Sunday, April 22, 2007

Water, Water Everywhere...

You probably know the rest from the Rime of the Ancient Mariner.

The fact of the matter is that the global outlook for our growing population's access to water for drinking and sanitation is gloomy. Three articles in the last week on this topic caught my eye. When multiple media outlets with vastly different targeted readers are writing about the same thing, it seems like a topic that crosses a few boundaries.

The first article, part I of a series examining challenges and opportunities facing the water industry appears in the industry publication serving one of Thornton's markets, Ultrapure Water Journal. UPW focuses narrowly on the professionals working in water related industries. The second, appearing in Vanity Fair's Green Issue entitled, "The Rise of Big Water", looks at the global trend toward privatization of developing countries' drinking and wastewater treatment industries, and the third at, examines the investment opportunities in the water sector. There are three publications, one of which is clearly talking from and speaking to the left, one that is left-leaning (only because it covers "environmental topics"), and one on the right (since it is a business publication), addressing world water issues.
Here's an excerpt from the article that summarizes the situation:
A third of the world's population live in water stressed areas (expected to increase six times in 20 years) and over a billion people lack access to water supplies (expected to double in 20 years). one billion people drink unsanitary water; three to four million people die each year from waterborne disease - the single largest cause of illness and death worldwide.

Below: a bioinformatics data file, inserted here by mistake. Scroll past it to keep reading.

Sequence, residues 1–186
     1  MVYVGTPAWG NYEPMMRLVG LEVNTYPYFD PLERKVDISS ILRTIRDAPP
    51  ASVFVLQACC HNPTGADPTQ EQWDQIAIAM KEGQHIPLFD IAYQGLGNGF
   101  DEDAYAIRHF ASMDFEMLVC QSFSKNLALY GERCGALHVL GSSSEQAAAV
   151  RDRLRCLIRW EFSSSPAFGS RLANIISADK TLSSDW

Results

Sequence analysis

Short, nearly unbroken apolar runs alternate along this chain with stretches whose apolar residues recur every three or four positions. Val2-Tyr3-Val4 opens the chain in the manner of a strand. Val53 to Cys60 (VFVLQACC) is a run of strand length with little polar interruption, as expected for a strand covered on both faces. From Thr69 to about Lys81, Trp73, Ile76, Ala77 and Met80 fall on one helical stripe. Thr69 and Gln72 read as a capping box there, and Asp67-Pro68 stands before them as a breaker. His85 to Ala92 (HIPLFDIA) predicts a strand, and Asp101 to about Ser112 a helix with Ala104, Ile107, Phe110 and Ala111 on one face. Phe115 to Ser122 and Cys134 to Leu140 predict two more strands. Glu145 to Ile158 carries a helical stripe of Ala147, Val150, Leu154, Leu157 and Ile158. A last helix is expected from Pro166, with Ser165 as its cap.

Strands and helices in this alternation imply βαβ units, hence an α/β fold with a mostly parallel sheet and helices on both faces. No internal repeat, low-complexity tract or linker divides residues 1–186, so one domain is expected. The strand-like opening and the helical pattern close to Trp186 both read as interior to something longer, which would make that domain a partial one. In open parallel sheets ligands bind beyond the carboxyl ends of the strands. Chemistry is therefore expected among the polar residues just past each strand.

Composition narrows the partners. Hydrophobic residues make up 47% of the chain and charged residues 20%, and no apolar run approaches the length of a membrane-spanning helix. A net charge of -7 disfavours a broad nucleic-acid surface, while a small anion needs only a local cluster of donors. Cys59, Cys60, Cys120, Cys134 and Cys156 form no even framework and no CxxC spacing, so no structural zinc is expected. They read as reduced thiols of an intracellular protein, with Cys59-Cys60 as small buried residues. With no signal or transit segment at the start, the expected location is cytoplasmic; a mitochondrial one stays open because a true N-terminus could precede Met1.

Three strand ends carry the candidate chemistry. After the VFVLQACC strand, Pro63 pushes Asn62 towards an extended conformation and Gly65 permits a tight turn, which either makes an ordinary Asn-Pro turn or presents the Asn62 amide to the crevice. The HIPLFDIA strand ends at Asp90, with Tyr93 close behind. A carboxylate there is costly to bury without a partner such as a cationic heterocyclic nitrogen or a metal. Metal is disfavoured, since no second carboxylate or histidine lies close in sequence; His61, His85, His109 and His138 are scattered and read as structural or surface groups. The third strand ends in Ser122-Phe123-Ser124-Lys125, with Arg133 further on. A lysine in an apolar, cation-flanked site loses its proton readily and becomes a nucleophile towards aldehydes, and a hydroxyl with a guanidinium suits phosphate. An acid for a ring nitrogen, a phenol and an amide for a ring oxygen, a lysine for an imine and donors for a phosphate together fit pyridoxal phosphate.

In the U.S. and other industrialized countries, 15-20% of the water is lost to leaks in the pipe network. In developing countries, the figure rises to 20-40%, due to illegal withdrawals as well as leaks.

Agriculture is the world's largest water consumer, using 70% of the world's water supply, extremely inefficiently. Industry is the biggest consumer in developed countries, but is more and more moving to the developing world, which is already water stressed.
What I take from this cross-cutting topic is that the yawning difference we are lead to believe exists between environmental issues and sustainable development are perceptions based on outdated beliefs. We have for so long equated economic growth and prosperity with pollution and environmental degradation that it is considered conventional wisdom. We are intellectually lazy when we accept these old assumptions. With the creativity released in the industrial world daily to sell everything from gourmet dog food to automobiles, you would think (and hope) that we would come together to solve a much bigger issue that threatens us and future generations.

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